UK roundup: LGPS returns, Milk Pension Fund, 3i pension buy-in
Local government pension schemes (LGPS) generated an average investment return of 21.4% in the 12 months to the end of March, according to Pensions & Investment Research Consultants (PIRC).
PIRC’s sample of 60 local authority pension funds – out of 89 in England and Wales – recorded a five-year annual average return of 10.7%. Over 20 years, the average annual gain was 7.4%.
Karen Thrumble, head of performance services at PIRC, said: “The strong performance has been driven by the excellent results from equities which returned almost 30% for the year. The outperformance of benchmark indices by alternative assets was the key driver in the unusual statistic that more than three quarters of funds managed to outperform their benchmarks in the latest year.”
Thrumble added that LGPS assets were “in good health”.
Employer withdraws from Milk Pension Fund
National Milk Records (NMR), a service provider for UK dairy farmers, is exiting the Milk Pension Fund, the industry-wide scheme for the milk and dairy industry.
As part of the “flexible apportionment arrangement”, NMR will pay just over £10m (€11.4m) to the fund to cover some of its liabilities.
The company will also pay £4.7m in cash and NMR shares to Genus, a genetics company and another member of the Milk Pension Fund, to take on other aspects of its pension liabilities. NMR also plans to sell a subsidiary company to Genus.
In a statement to the stock exchange this morning, NMR chairman Philip Kirkham said: “Our liabilities to the Milk Pension Fund have been a key issue for the company, restricting its ability to attract new investment. We believe that withdrawal from the fund will facilitate growth, enabling NMR to focus on its cash-generative core business and rebuild its historic strong balance sheet. Furthermore, it will give shareholders and potential investors in the company greater clarity as to the group’s underlying performance, while freeing up valuable resources and management time.”
NMR paid £2.7m into the scheme in the five years to 31 March 2016, the company said, and is expected to pay £10.2m in the next nine years. Shareholders will be asked to approve the withdrawal at a meeting later this month.
DB deficits hold steady in May
Across all private sector defined benefit (DB) schemes the shortfall edged slightly higher to £183bn, up from £182bn in April, according to JLT Employee Benefits.
A separate estimate from PwC using its Skyval DB index recorded a fall in the aggregate UK deficit to £510bn. However, adjusting for new life expectancy data, the deficit was an estimated £210bn.
Charles Cowling, director at JLT employee benefits, said addressing DB shortfalls would continue to be the “single biggest headache” for many companies.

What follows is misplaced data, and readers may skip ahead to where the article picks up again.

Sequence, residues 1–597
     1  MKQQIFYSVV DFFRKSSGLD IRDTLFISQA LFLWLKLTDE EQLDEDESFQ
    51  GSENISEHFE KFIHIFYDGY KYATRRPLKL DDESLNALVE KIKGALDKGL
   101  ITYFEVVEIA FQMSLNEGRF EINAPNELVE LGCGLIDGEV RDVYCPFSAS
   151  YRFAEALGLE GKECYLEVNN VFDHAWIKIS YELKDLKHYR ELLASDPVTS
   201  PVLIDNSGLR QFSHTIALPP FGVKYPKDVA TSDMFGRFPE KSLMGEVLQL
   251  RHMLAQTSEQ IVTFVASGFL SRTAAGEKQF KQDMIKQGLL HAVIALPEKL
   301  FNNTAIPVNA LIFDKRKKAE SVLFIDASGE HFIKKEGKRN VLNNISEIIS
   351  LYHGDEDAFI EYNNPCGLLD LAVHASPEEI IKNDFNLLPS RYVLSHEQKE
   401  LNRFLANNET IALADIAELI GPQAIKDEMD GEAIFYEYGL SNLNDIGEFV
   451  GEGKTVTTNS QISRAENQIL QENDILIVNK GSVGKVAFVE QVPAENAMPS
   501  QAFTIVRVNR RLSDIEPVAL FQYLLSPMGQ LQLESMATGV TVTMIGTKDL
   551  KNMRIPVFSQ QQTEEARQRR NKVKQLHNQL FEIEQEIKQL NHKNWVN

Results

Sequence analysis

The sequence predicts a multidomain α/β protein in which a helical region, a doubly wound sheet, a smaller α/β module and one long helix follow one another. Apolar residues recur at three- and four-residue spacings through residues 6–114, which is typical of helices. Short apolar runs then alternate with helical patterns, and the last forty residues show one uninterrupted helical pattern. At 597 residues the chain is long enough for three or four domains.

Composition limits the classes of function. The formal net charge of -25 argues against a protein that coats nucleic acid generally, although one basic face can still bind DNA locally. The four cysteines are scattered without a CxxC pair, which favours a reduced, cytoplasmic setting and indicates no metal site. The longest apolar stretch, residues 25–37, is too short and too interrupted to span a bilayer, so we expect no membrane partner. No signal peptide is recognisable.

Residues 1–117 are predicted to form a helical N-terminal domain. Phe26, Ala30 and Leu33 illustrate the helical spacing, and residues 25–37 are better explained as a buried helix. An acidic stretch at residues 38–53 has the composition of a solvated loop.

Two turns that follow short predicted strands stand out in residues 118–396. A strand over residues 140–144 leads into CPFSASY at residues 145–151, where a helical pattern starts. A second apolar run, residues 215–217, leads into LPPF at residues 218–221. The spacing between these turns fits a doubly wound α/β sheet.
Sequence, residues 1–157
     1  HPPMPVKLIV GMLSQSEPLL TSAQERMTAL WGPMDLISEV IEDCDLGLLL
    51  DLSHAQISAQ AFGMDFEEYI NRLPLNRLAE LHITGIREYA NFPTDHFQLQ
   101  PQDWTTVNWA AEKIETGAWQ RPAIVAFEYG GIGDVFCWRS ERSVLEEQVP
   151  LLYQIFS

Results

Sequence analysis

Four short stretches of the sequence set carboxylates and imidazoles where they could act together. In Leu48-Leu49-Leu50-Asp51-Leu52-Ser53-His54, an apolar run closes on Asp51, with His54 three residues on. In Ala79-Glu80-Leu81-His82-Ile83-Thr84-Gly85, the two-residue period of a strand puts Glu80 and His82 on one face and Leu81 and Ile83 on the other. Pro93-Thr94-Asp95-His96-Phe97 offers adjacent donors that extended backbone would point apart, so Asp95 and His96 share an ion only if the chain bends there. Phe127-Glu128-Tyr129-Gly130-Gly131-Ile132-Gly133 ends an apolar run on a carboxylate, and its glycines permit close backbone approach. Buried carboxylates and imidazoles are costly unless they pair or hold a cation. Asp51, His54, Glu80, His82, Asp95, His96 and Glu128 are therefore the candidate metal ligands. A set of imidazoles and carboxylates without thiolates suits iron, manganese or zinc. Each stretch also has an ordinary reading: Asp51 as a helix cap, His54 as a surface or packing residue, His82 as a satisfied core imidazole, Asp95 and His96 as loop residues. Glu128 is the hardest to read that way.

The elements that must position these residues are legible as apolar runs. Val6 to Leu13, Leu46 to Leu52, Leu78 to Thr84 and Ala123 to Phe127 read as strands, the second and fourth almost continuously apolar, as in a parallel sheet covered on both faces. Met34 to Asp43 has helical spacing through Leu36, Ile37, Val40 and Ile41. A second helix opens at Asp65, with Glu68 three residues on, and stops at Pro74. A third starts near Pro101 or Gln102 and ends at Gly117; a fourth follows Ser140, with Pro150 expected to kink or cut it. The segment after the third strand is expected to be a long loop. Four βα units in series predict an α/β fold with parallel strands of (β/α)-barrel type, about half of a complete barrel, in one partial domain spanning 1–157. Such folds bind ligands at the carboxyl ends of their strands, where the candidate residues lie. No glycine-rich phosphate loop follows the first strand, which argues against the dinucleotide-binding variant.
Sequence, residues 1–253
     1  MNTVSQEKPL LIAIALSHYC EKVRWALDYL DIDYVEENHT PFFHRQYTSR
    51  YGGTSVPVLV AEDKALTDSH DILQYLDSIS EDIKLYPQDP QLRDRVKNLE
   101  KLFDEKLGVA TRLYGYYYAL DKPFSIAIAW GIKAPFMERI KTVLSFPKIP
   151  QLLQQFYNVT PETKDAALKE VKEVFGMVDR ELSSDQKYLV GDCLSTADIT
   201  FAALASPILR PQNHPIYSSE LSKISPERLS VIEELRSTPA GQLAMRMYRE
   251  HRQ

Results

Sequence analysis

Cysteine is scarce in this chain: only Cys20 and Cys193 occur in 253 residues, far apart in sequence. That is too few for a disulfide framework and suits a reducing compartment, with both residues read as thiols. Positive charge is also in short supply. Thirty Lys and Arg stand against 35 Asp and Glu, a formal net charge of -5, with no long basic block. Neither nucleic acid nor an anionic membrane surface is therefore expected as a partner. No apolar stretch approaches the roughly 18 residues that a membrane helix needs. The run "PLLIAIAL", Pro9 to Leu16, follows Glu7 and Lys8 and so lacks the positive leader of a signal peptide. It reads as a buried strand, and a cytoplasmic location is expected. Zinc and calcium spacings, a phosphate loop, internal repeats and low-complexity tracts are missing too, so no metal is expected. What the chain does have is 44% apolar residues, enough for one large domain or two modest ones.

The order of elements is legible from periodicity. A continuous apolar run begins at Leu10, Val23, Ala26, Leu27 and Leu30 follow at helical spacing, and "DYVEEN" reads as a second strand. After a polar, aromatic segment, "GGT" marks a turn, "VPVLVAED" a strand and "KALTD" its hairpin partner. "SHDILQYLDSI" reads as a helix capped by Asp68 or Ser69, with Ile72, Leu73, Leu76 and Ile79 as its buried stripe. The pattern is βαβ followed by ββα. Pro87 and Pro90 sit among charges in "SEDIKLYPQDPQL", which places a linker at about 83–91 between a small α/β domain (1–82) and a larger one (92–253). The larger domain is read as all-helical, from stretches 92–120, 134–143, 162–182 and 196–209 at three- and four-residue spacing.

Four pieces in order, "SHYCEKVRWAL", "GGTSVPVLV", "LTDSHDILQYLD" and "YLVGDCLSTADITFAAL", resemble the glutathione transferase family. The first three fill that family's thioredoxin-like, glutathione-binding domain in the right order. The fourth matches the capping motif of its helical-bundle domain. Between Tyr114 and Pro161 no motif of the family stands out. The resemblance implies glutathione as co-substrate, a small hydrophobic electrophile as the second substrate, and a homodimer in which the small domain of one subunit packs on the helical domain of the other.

The Pensions Regulator recently warned companies to ensure a fair balance between payments to DB schemes and to shareholders, while a proposed change to accounting rules could see companies forced to disclose more information about their pension liabilities on their balance sheets.
3i Group seals £200m buy-in
Private equity giant 3i Group has agreed a £200m buy-in for its DB scheme with Pension Insurance Corporation (PIC).
The transaction covered roughly 40% of the scheme’s liabilities for pensions in payment, according to a statement from PIC.
Carol Woodley, chair of trustees for the scheme, said: “The [pension scheme] has been de-risking for a number of years, primarily by moving our asset mix to favour index-linked gilts.
“We are very pleased to have been able to complete this logical next step in our long-term de-risking programme. PIC demonstrated significant expertise while helping us to manage a complex project and ultimately deliver the transaction we required.”
Michelle Wright, partner at LCP and lead adviser on the deal, said it was “an excellent example of the attractive pricing that persists in the market for well-prepared pension plans”.
Scottish National Party supports state pension ‘triple lock’
Scotland’s main political party has pledged support for the ‘triple lock’ on the UK’s state pension in its general election manifesto.
The Scottish National Party (SNP) said it would maintain the policy, introduced in 2010, which guarantees that payments will increase by the level of inflation, average earnings, or 2.5%, whichever is highest.
The party also voiced its opposition to increasing the age at which people can claim the state pension beyond 66.
“We will support the establishment of an Independent Savings and Pension Commission, to ensure pensions and savings policies are fit for purpose,” the manifesto said. “The remit of the commission should include consideration of the specific demographic needs of different parts of the UK in relation to [the] state pension age.”
The SNP also backed plans to extend auto-enrolment to include lower-paid workers and self-employed people are covered. The Conservative Party, predicted to win an overall majority of the seats in the 8 June election, has made a similar pledge in its manifesto.